Take a moment to think about an average dive height of 6 meters. Once you take a dive at 6 meters, your body will be traveling at 40kph. Really stop to consider this for a second, if you are traveling at 40mph in a car and you hit a brick wall without a seat belt on or hitting the breaks, it is more than possible that it will be a fatal crash. And here you are, diving in your swim suit into a pool of water, if you hit the water wrong, wrong being if you hit it horizontally or back/stomach first, it is considered as hard as landing on solid concrete from that height. You have to make the jump and hit the water with your feet, straight, toes even, or fingers with your body a straight vertical line. A small 6 meter dive if made wrong can easily compress your spine and break bones.




Considering how there is a danger around diving from any height as injury is usually a result of a poor dive position or location, the WHDF has recommended to the general public that no one dive from 20 meters and upwards. Unless of course there is a professional team of rescuers at hand and located around the diving spot. It is not a law, but a recommendation that is voiced loudly so that everyone from those diving into a pool from 3 meter diving boards to those taking to the 20 meter cliffs, know about it.




Among the injuries that are caused by diving:




• Bruising


• Fractures


• Broken bones


• Compressed spinal chords


• Dislocated or broken discs


• Paralysation and even death




Some Diving tips for the Eager Hobbyist


If you just can’t help yourself or contain your excitement, and truly want to take diving on as a serious hobby, then you need to consider some of the following tips to help you master the art and manage to paddle away from a successful dive safely:




• Baby steps, there’s no shame in taking it slow and working your way up the ladder. Before you move up to higher dives, work on simple dives from lower boards first. Try to perfect your dive, landing, entrance into the water, pencil dive and more. Just be sure someone is around when you start off to be on the safe side. Try the pencil dive first with your feet pointed down and arms close to your sides plunging feet first, back straight. The aim of this dive is to make the point of entrance/impact as small as possible to reduce the force at which you hit the water.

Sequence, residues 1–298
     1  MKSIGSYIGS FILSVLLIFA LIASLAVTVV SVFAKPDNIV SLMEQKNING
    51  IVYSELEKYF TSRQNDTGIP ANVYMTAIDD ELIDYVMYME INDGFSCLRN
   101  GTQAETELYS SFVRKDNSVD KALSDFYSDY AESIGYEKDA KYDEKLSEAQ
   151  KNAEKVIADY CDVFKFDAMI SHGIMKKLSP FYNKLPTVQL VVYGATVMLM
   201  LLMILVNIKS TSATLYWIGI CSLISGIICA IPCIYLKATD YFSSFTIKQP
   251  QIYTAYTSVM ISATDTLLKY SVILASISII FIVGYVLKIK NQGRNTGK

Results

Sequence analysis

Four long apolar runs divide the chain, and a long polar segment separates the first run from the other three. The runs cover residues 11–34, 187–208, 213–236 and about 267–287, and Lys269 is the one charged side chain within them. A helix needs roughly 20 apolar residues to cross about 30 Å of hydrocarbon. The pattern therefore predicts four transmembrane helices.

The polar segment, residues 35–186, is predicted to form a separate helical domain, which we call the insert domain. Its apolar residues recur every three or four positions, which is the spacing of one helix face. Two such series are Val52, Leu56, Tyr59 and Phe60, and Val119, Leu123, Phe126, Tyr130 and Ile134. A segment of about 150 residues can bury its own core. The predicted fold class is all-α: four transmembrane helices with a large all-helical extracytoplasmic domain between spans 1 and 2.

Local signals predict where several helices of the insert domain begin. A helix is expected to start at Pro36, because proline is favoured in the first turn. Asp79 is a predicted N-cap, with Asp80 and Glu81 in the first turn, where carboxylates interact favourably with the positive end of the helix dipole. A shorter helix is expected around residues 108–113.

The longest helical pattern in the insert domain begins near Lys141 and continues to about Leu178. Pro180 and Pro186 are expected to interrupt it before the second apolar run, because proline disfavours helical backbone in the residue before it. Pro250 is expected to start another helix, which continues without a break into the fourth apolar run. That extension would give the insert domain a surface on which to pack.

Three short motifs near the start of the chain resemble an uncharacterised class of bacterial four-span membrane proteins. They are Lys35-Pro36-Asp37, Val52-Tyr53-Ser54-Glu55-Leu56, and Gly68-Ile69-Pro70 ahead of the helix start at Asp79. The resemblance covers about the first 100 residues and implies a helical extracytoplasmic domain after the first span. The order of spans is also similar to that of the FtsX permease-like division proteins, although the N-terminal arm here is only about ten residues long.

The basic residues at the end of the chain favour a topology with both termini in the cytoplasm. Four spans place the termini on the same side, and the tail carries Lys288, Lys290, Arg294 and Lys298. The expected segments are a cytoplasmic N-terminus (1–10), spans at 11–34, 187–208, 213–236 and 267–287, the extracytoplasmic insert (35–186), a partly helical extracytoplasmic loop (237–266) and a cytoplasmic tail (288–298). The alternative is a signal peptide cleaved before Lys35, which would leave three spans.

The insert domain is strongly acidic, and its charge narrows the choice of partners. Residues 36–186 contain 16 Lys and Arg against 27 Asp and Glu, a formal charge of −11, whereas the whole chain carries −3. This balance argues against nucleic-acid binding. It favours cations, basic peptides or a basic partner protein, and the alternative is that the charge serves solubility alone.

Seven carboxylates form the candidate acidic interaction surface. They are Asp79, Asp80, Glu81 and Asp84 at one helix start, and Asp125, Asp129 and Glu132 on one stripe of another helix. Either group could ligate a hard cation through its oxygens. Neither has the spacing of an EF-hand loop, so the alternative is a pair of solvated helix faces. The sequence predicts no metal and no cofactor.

• Again and this cannot be stressed enough, never dive on your own, especially when you are just starting out or diving from high platforms/boards. Always have someone with you, no matter how great a diver you become it is important to have someone with you. Be it a fellow diver or a watcher, someone who’s close but far enough not to obstruct your dive.


• If it is cliff diving that you are taking up, before you take that first leap, or any leap for that matter, swim around the area you will be lading in. Make sure it is deep enough, there aren’t any rocks or hidden obstacles that could injure you or prove fatal.


• Another important note to keep in mind if you plan to dive from cliffs is how you are going to get out the water. Many times novice divers take the jump into the ocean with waves high that break their dive and help them in a softer landing, but forget to check where these waves are headed. Whether or not they’re drifting and crashing into rocks/cliff side or worse. So make sure you know how you will be getting out the water, picture the dive then swim out how you intend to on the actual dive.


• Consider dressing right. A wetsuit is great for higher dives, or just about any dive, in fact. What the wetsuit does is give divers an extra layer of cushioning that reduces the force of impact on the body a little.




Conclusion


Taking up diving as a hobby is a great, healthy, exciting move that practically anyone can do, just about anywhere. Diving is available in almost any city, anywhere in the world so you won’t have to travel and pay costly fees to enjoy the sport. If you do choose to develop your diving skills and take up competitive diving as a hobby, then that’s easily done too. Simply arrive at meets and sign yourself up and impress the judges. It is a high adrenalin boost, low risk sport when all safety precautions are taken and diving is not abused.


 


Dive safe and you will be fine, but remember, as with any hobby or sport, or anything in life actually, nothing is 100% safe. Always take someone with you and most importantly, be safe and enjoy yourself!